After Lolita escapes from Humbert’s grasp, he meets Rita. He begins his relationship with Rita by referring to her as the “sweetest, simplest, gentlest, dumbest Rita imaginable” (Nabokov 259). He further insults her intellect by stating that compared to Rita, Valeria was Schlegel, (a German scholar) and Charlotte was Hegel, (a German philosopher). After having a fight with a man who maintained he was Rita’s former schoolmate, Humbert mentions that he “walked her and aired her a little” (Nabokov 263). This makes Rita sound like she’s either an animal or a rug or some other object that needs to be tended.
Humbert Humbert also objectifies himself in order to appear less responsible for the criminal acts of which he is guilty, and so the reader can be sympathetic towards him. He has a slew of nicknames for himself as well. He starts off with names like “Humbert the wounded spider” (Nabokov 54) and “Humbert the humble” (Nabokov 54), which evoke emotion in the reader and make him appear trapped by his nymphet. His own nicknames also tend to be less demeaning that those of his women. With names like “Humbert the hound” (Nabokov 60), “Herr Doktor Humbert” (Nabokov 111), “Bert” (Nabokov 192) and “Mr. Haze” (Nabokov 194), he creates the feeling that he’s just a normal man despite the fact that he’s a self-proclaimed pedophile and murderer. Many critical commentators on the novel note that Humbert is almost a solipsist in the degree to which he makes the entire world revolve around him and his whims. Critical commentators such as Alfred Appel, Jr. and Elizabeth Prioleau note that mirrors play a major role throughout Lolita, whether they are literal mirrors (such as the numerous mirrors found in the Enchanted Hotel, where Lolita and Humbert begin their sexual relationship) or more figurative mirrors in the form of doppelgangers, such as Humbert and Quilty. Priloeau takes the metaphor more literally and argues that, for most of the book, Humbert essentially lives in a mirror world and only rejoins reality at the end, when he realizes that he destroyed and stole Lolita’s childhood (4-11). There is then the matter of Humbert’s style of writing. As noted by Dana Brand, Humbert’s writing is overwrought, flowery and cluttered with poetic allusions. Brand suggests that Humbert prose is so purple; he may be overcompensating, trying to convince himself and his readers that his emotions are all completely genuine. Another issue to mention is his blatant denial when he claims that he is “not a criminal sexual psychopath taking indecent liberties with a child” (Nabokov 150). He also states right after that “[t]he rapist was Charlie Holmes; I am the therapist – a matter of nice spacing in the way of distinction. I am your daddum, Lo” (Nabokov 150). And in order to justify this claim, he quotes a book that says “the normal girl is usually extremely anxious to please her father” (Nabokov 150). Here, he is extremely desperate to justify his having sex with a twelve-year-old, and it really shows the reader that he’s not the normal man he wants to portray. He is not only a pedophiliac at this point, but also a rapist and kidnapper, and the reader sees it all here, but still his charm and wit still manage to seduce the reader in a similar manner to how he seduces his victims. But he’s not a sociopath completely devoid of all human emotion. He realizes his own faults in a few moments of clarity which he indicates with nicknames such as “the tyrannic old father” (Nabokov 242) “demented” (Nabokov 253) and “maniac” (Nabokov 257).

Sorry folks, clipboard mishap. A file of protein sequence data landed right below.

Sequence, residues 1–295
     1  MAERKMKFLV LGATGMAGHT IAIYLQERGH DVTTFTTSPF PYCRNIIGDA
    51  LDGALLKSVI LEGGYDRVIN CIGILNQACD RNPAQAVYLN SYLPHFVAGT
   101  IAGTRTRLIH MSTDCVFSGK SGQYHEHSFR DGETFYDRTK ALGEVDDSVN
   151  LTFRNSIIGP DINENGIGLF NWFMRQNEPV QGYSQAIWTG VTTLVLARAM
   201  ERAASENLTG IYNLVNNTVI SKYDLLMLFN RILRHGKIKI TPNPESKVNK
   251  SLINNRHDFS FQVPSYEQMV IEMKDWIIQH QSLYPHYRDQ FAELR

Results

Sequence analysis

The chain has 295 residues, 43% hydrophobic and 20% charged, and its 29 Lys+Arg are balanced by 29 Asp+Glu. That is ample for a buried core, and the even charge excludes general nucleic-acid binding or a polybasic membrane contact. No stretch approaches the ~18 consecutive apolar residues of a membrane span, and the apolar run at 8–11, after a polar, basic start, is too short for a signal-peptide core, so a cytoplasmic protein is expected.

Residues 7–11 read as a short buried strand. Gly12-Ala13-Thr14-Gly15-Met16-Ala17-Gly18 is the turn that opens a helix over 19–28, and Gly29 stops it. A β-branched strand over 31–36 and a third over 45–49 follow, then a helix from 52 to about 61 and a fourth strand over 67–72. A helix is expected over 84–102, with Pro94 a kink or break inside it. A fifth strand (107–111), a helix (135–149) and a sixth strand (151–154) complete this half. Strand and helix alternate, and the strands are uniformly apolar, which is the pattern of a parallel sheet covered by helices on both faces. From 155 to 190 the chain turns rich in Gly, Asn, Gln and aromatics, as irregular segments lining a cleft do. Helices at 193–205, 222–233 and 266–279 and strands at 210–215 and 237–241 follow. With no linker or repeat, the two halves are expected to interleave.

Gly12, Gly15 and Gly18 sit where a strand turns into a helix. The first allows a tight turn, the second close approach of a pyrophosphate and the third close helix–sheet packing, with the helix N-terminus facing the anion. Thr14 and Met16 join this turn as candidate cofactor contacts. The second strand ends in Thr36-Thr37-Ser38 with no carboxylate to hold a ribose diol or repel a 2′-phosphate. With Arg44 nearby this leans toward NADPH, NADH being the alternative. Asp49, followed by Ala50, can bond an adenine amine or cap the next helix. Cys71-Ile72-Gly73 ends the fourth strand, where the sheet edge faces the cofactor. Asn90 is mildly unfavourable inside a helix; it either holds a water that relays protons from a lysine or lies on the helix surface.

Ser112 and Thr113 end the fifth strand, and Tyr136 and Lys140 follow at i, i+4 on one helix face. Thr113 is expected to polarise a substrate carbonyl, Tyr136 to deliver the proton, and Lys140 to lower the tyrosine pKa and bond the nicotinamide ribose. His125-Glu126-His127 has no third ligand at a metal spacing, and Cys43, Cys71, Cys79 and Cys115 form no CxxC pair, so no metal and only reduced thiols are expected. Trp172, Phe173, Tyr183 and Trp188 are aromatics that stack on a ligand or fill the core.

Throughout the novel Lolita, Humbert Humbert objectifies many of the people he encounters. He claims that because of his unconsummated love affair with Annabel Leigh at the tender young age of 12 that he is stuck in the past and cannot recover from his lust for young girls. In this way he is maintaining that his subsequent behavior is neither of his own choosing nor his fault. He is very creative in inventing descriptive nicknames for the individuals he meets throughout his life. The monikers he chooses are insulting, humorous, endearing and demeaning. They serve the purpose of giving the reader an insight into Humbert’s tortured and twisted mind. The reader laughs at one point and cries out with disgust at another. Nevertheless, these nicknames function as a way of transforming a human being from a person with emotions to a nameless puppet or object. In this way, Humbert can distance himself from his victims and not become emotionally involved with them because they are merely things for him to use and abuse in any way that helps him achieve his sordid goal.